**Chapter 8 Trigonometry Practice Set 8.2**

Chapter 8 Trigonometry Practice Set 8.2

**Question 1.In the following table, a ratio is given in each column. Find the remaining two ratios in the column and complete the table.**

Solution:

Solution:

In right angled ∆ABC,

∠C = θ.

Let the common multiple be k.

∴ BC = 35k and AC = 37k

Now, AC

^{2}= AB

^{2}+ BC

^{2}…[Pythagoras theorem]

∴ (37k)

^{2}= AB

^{2}+ (35k)

^{2}

1369k

^{2}= AB

^{2}+ 1225k

^{2}

AB2 = 1369k

^{2}– 1225k

^{2}

= 144k

^{2}

AB = 144k

^{2}

= 12k

In right angled ∆ABC, ∠C = θ.

Let the common multiple be k.

AB = 11k and AC = 61k

Now, AC^{2} = AB^{2} + BC^{2} …[Pythagoras theorem]

∴ (61k)^{2} = (11k)^{2} + BC^{2}

∴ 3721k^{2} = 121k^{2} + BC^{2}

∴ BC^{2} = 3721k^{2} – 121k^{2} = 3600k^{2}

= 60k

In right angled ∆ABC,

∠C = θ.

Let the common multiple be k.

∴ AB = 1k and BC = 1k

Now, AC^{2} = AB^{2} + BC^{2} …[Pythagoras theorem]

= K^{2} + K^{2}

= 2K^{2}

∴ AC = \(\sqrt { 2{ k }\)

In right angled ∆ABC,

∠C = θ.

Let the common multiple be k.

∴ AB = 1k and BC = 2k

Now, AC^{2} = AB^{2} + BC^{2} …[Pythagoras theorem]

∴ 2K^{2} = K^{2} + BC^{2}

∴ 4K^{2} = K^{2} + BC^{2}

∴ BC^{2} = 4K^{2} – K^{2} = 3K^{2}

= \(\sqrt { 3{ k }\)

In right angled ∆ABC,

∠C = θ.

Let the common multiple be k.

∴ AB = 1k and BC = √3k

Now, AC^{2} = AB^{2} + BC^{2} …[Pythagoras theorem]

∴ (√3K)^{2} = AB^{2} + K^{2}

∴ 3K^{2} = 3K^{2} – K^{2} = 2K^{2}

AB = √2K

In right angled ∆ABC,

∠C = θ.

Let the common multiple be k.

∴ AB = 21k and BC = 20k

Now, AC^{2} = AB^{2} + BC^{2} …[Pythagoras theorem]

= (21)K^{2} + (20K)^{2}

= 441K^{2} – 400^{2}

= 841K^{2}

= 29K

In right angled ∆ABC,

∠C = θ.

Let the common multiple be k.

∴ AB = 8k and BC = 15k

Now, AC^{2} = AB^{2} + BC^{2} …[Pythagoras theorem]

= (8)K^{2} + (15K)^{2}

= 64K^{2} – 225^{2}

= 289K^{2}

= 17K

In right angled ∆ABC,

∠C = θ.

Let the common multiple be k.

∴ AB = 3k and AC = 5k

Now, AC^{2} = AB^{2} + BC^{2} …[Pythagoras theorem]

∴ (5)K^{2}= (3)K^{2} + BC^{2}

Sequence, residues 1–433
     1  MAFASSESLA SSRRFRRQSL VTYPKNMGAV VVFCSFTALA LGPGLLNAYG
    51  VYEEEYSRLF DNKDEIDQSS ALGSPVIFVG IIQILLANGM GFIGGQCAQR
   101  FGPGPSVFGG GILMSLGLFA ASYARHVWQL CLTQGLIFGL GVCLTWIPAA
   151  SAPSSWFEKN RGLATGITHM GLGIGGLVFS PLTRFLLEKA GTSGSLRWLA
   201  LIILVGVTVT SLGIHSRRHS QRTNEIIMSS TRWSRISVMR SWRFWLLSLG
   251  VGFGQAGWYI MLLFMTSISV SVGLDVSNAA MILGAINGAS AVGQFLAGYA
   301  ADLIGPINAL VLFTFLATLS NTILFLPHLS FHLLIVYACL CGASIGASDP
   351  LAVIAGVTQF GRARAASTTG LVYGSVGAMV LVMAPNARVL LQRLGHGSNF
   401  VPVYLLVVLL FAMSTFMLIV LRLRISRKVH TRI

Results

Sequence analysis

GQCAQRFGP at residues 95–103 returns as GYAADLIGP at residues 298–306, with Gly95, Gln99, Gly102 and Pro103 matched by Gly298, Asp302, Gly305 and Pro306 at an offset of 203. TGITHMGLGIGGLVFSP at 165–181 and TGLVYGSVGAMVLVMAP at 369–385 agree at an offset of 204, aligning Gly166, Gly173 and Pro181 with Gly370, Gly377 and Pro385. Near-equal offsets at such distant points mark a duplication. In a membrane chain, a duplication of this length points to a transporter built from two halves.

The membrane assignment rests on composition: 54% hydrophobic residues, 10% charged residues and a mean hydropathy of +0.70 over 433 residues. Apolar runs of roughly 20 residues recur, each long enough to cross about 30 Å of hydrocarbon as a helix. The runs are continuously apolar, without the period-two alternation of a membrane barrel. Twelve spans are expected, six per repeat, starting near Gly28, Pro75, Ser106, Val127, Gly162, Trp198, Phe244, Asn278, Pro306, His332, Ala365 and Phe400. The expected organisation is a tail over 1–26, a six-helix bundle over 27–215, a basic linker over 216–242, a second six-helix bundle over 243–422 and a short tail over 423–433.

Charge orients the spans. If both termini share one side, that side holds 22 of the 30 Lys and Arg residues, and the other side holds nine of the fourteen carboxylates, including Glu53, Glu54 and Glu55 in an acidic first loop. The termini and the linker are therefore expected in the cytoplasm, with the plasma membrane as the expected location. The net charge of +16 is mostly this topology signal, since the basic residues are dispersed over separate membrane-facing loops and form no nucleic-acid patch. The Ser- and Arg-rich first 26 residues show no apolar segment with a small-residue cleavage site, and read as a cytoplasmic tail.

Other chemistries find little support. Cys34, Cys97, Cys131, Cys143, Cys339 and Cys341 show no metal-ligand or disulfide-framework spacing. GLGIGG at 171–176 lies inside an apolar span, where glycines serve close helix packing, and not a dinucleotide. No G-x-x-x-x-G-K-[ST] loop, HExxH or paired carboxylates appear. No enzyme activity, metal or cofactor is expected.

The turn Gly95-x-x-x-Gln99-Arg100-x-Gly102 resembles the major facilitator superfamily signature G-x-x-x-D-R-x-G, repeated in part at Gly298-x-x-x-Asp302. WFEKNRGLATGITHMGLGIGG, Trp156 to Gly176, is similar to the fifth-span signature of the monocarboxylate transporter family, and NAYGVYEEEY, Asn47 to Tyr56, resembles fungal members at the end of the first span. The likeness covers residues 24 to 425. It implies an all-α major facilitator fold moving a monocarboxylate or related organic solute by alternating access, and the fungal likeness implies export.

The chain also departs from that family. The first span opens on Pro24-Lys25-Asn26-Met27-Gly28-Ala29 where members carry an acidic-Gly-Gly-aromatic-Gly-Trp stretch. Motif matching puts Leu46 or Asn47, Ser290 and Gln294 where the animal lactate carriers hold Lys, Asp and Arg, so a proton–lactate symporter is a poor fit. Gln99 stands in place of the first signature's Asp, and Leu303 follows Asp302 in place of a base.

∴ 25K^{2} = 9K^{2} – 225^{2}

∴ BC^{2} = 25K^{2} – 9K^{2}

= 4K

In right angled ∆ABC,

∠C = θ.

Let the common multiple be k.

∴ AB = 1k and AC = 2√2 k

Now, AC^{2} = AB^{2} + BC^{2} …[Pythagoras theorem]

= K^{2} + (2√2 k )^{2}

= K^{2} – 225^{2}

= 25K^{2} + 8K^{2}

= 9K^{2}

= 3K

**Question 2.Find the values of:i. 5 sin 30° + 3 tan 45°ii. 45tan**

^{2}60° + 3 sin

^{2}60°iii. 2 sin 30° + cos 0° + 3 sin 90°v. cos

^{2}45° + sin

^{2}30°vi. cos 60° x cos 30° + sin 60° x sin 30°Solution:

i. sin 30° = 1/2 and tan 45° = 1

iii. 2 sin 30° + cos 0° + 3 sin 90°

= 1 + 1 + 3

∴ 2 sin 30° + cos 0° + 3 sin 90° = 5

v. cos^{2} 45° + sin^{2} 30°

vi. cos 60° x cos 30° + sin 60° x sin 30°

**Question 3.**

In right angled ∆ABC,

∠C = θ.

Let the common multiple be k.

∴ AB = 4k and AC = 5k

Now, AC

^{2}= AB

^{2}+ BC

^{2}… [Pythagoras theorem]

∴ (5 k)

^{2}= (4k)

^{2}+ BC

^{2}

∴ 25k

^{2}= 16k

^{2}+ BC

^{2}

∴ BC

^{2}= 25k

^{2}– 16k

^{2}= 9k

^{2}

= 3k

**Question 4.**

In right angled ∆ABC,

∠C = θ.

Let the common multiple be k.

∴ BC = 15k and AC = 17k

Now, AC

^{2}= AB

^{2}+ BC

^{2}… [Pythagoras theorem]

∴ (17 k)

^{2}= AB

^{2}+ (15K)

^{2}

∴ 289k

^{2}= AB

^{2}+ 225

^{2}

∴ AB

^{2}= 289k

^{2}– 225k

^{2}

= 64k

^{2}

= 8k

**Intext Questions and Activities**

**Question 1.In right angled ∆PQR, ∠Q = 900. Therefore ∠P and ∠R are complementary angles of each other. Verify the following ratios.i. sin θ = cos (90 – θ)ii. cos θ = sin (90 – θ)iii. sin 30° = cos (90° – 30°) = cos 60°iv. cos 30° = sin (90° – 30°) = sin 60° (Textbook pg. no. 107)Solution:**

In ∆PQR, ∠Q = 90°, ∠P = θ

∴ ∠R = 90 – θ

i. sin θ = cos (90 – θ)

ii. cos θ = sin (90 – θ)

iii. Let ∠P = θ = 30°

∴ ∠R = 90° – 30°

sin 30° = cos (90° – 30°) … [From (i) and (ii)]

sin 30° = cos 60°

iv. cos 30° = sin (90° – 30°) = sin 60°

∴ cos 30° = sin (90° – 30°) .,.[From (i) and (ii)]

∴ cos 30° = sin 60°

**Question 2.**

By using the definition write the trigonometric ratio of sin O and take it as equation (ii).

In right angled ∆PQR, ∠R = θ

Let the common multiple be k.

∴ PQ = 5k and PR = 13k

Find QR by using Pythagoras theorem.

PR

^{2}= PQ

^{2}+ QR

^{2}… [Pythagoras theorem]

∴ (13k)

^{2}= (5k)

^{2}+ QR

^{2}

∴ 169k

^{2}= 25k

^{2}+ QR

^{2}

∴ QR

^{2}= 169k

^{2}– 25k

^{2}

= 144k

^{2}

= 12k

**Question 3.While solving the above Illustrative example, why the lengths of PQ and PR are taken 5k and 13k? (Textbook pg. no. 111)Solution:**

Here, the ratio of the lengths of sides PQ and PR is 5 : 13.

The actual lengths of the sides can be any multiple of the ratio. Hence, we consider the multiple k while solving.

**Question 4.While solving the above illustrative example, can we take the lengths of PQ and PR as 5 and 13? If so, then what changes are needed In the writing of the solution. (Tcxtbook pg. no. 111)Solution:**

Yes, we can take lengths of PQ and PR as 5 and 13.

In that case, we will have to take k = 1 and solve the problem accordingly.

**Question 5.Verify that the equation ‘sin ^{2} θ + cos^{2} θ = 1’ is true when θ = 0° or θ = 90°.(Textbook pg. no. 112)Solution:**
sin

^{2}θ + cos

^{2}θ = 1

i. lf θ = 0°,

LH.S. = sin

^{2}θ + cos

^{2}θ

= sin

^{2}0° + cos

^{2}0°

= 0 + 1 …[∵ sin 0° = 0, cos 0° = 1]

= R.H.S.

∴ sin

^{2}θ + cos

^{2}θ = 1

ii. If θ = 90°,

L.H.S.= sin^{2} θ +cos^{2} θ

= sin^{2} 90° + cos^{2} 90°

= 1 + 0 … [ ∵ sin 90° = 1, cos 90° = 0]

= 1

= R.H.S.

∴ sin^{2} θ + cos^{2} θ = 1